Babies die. Every day, human beings die in their first year of life. And they perish from a variety of causes: low birth weight, birth anomalies, genetic diseases, “failure to thrive,” inadequate nutrition, abuse, stillbirth, poverty. They die at different ages, some without taking a first breath, others at day one or two or six or 137, and some just shy of their first birthday. These abbreviated lives are daily tragedies, tiny tears in the fabric of human existence and enormous ruptures in families and communities. Each death, singly, is a loss—an occasion for grief and commemoration. Such deaths, like miscarriages, are often publicly invisible, unremarked by anyone beyond grieving mothers, family members, and close friends.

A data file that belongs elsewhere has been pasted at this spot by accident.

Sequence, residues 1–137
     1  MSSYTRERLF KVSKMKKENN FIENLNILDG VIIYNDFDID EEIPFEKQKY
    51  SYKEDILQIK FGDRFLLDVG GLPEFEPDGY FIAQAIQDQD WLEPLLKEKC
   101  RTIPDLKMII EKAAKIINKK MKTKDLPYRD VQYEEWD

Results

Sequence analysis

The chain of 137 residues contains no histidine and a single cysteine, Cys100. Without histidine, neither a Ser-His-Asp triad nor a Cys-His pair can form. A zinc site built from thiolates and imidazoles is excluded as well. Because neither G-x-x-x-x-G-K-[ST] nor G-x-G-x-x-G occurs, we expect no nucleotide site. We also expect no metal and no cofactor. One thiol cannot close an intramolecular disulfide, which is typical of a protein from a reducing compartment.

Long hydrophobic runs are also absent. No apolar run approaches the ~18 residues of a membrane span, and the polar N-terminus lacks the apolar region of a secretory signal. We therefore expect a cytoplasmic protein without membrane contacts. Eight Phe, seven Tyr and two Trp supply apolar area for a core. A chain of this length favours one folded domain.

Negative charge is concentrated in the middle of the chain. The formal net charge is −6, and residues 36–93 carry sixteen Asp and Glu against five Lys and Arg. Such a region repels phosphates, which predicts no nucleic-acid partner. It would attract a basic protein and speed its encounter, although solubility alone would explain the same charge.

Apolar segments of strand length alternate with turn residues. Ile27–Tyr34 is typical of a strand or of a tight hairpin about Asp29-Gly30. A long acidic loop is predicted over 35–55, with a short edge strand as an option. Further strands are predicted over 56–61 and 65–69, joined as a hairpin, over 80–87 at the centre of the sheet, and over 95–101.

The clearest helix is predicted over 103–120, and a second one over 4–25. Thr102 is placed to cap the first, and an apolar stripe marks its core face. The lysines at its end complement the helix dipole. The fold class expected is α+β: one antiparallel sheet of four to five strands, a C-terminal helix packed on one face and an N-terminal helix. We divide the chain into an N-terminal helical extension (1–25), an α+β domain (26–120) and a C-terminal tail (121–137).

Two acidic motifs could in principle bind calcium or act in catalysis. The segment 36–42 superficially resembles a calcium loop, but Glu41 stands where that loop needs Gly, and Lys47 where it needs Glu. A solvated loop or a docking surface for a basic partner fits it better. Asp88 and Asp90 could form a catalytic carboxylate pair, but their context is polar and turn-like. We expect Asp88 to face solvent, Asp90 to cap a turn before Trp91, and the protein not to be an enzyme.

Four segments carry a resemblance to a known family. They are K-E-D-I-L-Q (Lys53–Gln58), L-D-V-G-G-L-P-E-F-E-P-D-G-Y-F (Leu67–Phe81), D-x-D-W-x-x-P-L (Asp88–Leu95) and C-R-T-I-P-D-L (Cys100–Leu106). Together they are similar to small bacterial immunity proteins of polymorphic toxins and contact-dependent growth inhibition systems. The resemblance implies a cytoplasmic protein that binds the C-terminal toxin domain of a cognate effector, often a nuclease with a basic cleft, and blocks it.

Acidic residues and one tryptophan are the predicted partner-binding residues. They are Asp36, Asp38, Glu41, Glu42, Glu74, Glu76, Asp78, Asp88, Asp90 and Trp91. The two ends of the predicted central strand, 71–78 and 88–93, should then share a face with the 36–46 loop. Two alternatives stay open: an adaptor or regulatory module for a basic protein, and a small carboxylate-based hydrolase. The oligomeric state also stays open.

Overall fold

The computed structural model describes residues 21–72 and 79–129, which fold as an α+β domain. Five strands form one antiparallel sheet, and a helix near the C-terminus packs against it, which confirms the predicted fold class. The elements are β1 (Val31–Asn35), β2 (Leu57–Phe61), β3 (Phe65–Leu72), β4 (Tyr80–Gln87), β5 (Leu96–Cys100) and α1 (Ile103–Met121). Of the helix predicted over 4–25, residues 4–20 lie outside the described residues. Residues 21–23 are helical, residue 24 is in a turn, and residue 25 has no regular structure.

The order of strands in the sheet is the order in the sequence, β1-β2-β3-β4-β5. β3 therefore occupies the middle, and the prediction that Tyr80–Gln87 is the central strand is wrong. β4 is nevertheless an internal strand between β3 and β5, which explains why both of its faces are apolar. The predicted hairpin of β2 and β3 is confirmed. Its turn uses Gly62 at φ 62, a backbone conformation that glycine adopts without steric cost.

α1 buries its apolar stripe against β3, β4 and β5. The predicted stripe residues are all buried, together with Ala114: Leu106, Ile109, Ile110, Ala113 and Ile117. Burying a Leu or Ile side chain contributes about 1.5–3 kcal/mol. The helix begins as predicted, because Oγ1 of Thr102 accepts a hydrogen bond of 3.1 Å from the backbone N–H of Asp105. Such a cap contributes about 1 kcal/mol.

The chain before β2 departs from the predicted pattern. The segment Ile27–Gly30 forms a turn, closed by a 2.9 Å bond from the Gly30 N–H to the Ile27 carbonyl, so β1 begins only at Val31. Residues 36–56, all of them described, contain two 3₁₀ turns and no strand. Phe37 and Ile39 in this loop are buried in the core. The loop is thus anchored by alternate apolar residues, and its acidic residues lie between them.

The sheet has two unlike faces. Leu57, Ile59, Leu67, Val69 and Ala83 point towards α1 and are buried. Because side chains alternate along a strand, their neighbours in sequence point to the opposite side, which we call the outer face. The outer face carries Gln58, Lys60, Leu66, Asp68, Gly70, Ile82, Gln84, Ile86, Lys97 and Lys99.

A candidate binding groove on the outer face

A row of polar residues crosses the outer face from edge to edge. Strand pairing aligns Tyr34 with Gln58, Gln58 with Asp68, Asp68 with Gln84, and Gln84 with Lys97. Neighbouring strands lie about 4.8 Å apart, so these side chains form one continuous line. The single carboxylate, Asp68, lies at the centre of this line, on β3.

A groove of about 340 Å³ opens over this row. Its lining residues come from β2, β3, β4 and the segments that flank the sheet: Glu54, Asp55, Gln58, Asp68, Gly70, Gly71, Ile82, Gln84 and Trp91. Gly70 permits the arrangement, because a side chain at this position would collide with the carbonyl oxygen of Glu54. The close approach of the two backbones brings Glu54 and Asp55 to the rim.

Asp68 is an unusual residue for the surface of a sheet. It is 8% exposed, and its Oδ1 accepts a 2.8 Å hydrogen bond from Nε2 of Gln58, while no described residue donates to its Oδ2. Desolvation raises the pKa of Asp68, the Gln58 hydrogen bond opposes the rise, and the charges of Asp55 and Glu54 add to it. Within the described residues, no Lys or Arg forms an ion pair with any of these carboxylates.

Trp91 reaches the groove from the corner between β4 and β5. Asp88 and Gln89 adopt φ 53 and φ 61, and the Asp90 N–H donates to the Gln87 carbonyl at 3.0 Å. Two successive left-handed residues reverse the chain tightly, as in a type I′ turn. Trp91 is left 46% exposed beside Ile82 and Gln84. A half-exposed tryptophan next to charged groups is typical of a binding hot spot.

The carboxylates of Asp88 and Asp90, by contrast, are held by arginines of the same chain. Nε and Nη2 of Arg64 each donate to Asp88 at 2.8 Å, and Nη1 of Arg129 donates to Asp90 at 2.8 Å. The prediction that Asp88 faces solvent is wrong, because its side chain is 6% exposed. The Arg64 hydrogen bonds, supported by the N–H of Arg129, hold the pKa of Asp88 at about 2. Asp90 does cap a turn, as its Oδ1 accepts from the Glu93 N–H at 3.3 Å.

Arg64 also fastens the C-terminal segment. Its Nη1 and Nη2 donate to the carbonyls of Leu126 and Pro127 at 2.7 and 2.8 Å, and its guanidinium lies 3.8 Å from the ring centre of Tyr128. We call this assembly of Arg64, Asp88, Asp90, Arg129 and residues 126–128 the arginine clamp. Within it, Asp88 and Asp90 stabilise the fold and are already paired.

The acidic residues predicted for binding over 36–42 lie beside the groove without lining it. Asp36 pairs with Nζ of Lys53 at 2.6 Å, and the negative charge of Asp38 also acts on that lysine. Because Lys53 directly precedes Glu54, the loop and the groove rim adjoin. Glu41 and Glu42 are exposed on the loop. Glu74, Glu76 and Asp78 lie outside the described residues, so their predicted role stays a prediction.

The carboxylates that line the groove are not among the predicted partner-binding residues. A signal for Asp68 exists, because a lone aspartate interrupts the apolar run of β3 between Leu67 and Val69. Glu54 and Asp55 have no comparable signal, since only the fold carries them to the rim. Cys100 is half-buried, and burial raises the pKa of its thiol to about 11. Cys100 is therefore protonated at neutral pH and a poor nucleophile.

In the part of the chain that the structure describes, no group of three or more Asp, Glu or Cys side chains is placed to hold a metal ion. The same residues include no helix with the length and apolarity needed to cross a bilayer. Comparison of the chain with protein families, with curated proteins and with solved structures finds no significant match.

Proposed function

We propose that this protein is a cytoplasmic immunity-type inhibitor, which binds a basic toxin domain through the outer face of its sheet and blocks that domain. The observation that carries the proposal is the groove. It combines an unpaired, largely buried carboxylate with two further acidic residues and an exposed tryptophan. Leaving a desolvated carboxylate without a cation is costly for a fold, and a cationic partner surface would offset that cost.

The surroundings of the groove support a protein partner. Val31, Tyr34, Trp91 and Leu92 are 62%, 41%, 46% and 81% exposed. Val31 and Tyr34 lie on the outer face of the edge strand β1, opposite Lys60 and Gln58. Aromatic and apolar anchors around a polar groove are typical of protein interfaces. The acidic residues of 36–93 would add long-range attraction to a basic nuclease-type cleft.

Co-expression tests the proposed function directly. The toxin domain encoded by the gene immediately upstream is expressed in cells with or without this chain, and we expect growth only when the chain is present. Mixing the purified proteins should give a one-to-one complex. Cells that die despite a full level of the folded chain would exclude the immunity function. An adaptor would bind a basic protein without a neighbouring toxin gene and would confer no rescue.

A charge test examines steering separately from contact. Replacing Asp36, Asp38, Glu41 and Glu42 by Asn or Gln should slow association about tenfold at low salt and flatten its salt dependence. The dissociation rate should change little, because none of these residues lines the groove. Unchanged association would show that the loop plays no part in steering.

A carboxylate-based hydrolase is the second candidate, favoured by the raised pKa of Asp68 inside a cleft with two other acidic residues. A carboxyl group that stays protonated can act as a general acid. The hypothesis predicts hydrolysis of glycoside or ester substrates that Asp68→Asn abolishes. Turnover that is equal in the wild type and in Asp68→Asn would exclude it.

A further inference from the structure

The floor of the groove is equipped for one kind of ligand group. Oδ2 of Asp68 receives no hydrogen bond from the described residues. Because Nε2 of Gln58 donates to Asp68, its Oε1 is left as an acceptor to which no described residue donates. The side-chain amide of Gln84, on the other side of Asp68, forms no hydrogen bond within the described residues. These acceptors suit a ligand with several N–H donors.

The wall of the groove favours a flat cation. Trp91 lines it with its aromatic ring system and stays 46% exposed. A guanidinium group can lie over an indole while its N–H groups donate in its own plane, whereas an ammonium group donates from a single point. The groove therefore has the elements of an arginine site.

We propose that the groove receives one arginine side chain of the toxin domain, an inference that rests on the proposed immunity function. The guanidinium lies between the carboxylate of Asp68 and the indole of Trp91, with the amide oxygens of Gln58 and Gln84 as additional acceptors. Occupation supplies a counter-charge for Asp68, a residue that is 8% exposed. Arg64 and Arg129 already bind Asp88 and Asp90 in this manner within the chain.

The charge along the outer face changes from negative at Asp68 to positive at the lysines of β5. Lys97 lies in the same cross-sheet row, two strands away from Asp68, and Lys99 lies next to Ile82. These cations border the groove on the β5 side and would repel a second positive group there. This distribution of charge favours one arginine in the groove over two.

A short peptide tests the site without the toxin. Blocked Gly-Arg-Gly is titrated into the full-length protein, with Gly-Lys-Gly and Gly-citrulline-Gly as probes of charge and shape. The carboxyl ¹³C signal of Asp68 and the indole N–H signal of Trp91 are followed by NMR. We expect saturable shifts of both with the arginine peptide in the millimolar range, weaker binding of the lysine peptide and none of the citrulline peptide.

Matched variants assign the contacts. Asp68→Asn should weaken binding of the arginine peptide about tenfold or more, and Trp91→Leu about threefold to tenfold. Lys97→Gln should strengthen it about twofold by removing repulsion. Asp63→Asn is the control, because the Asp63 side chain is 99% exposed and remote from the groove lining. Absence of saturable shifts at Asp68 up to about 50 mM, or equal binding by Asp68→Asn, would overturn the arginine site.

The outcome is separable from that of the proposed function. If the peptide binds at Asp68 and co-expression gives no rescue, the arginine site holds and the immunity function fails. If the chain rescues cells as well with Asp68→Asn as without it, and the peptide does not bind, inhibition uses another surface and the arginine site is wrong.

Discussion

Taken together, however, these deaths are transformed into something else. One solitary infant death is combined with another and then another and so on, until these deaths become a social phenomenon, a collective, a pattern, a vital statistic: Infant Mortality. As a statistic, the infant mortality rate tells us something about a community’s health; it is a kind of bellwether about how cities, counties, states, and nations are faring relative to others. For example, in 2013, the U.S. infant mortality rate was 6.2 deaths per 1,000 births – putting us just between Poland and Serbia and well above the much lower rates of nations such as Japan (2.13), Norway (2.48), and Sweden (2.60). Despite our outrageously expensive health care system, we’re not doing particularly well on the measure of infant mortality vis-à-vis other nations. [Read more] – Michael’s Blog